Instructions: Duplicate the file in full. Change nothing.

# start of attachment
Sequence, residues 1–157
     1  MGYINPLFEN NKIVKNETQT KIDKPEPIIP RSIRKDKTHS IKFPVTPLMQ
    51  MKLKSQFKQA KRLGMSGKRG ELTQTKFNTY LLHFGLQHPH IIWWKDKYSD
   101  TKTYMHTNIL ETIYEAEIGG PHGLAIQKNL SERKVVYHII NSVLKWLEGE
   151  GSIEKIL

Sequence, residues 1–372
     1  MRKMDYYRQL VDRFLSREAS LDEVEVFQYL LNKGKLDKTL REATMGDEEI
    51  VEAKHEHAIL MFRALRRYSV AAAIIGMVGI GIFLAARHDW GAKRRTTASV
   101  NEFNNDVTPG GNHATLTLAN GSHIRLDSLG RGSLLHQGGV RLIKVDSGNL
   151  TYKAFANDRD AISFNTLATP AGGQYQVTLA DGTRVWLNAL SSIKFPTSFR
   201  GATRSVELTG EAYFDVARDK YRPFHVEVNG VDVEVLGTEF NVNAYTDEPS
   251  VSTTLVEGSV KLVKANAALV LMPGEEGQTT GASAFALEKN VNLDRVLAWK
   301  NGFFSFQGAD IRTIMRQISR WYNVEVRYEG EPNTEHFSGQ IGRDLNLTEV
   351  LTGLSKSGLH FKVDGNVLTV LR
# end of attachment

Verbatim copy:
Sequence, residues 1–157
     1  MGYINPLFEN NKIVKNETQT KIDKPEPIIP RSIRKDKTHS IKFPVTPLMQ
    51  MKLKSQFKQA KRLGMSGKRG ELTQTKFNTY LLHFGLQHPH IIWWKDKYSD
   101  TKTYMHTNIL ETIYEAEIGG PHGLAIQKNL SERKVVYHII NSVLKWLEGE
   151  GSIEKIL

Sequence, residues 1–372
     1  MRKMDYYRQL VDRFLSREAS LDEVEVFQYL LNKGKLDKTL REATMGDEEI
    51  VEAKHEHAIL MFRALRRYSV AAAIIGMVGI GIFLAARHDW GAKRRTTASV
   101  NEFNNDVTPG GNHATLTLAN GSHIRLDSLG RGSLLHQGGV RLIKVDSGNL
   151  TYKAFANDRD AISFNTLATP AGGQYQVTLA DGTRVWLNAL SSIKFPTSFR
   201  GATRSVELTG EAYFDVARDK YRPFHVEVNG VDVEVLGTEF NVNAYTDEPS
   251  VSTTLVEGSV KLVKANAALV LMPGEEGQTT GASAFALEKN VNLDRVLAWK
   301  NGFFSFQGAD IRTIMRQISR WYNVEVRYEG EPNTEHFSGQ IGRDLNLTEV
   351  LTGLSKSGLH FKVDGNVLTV LR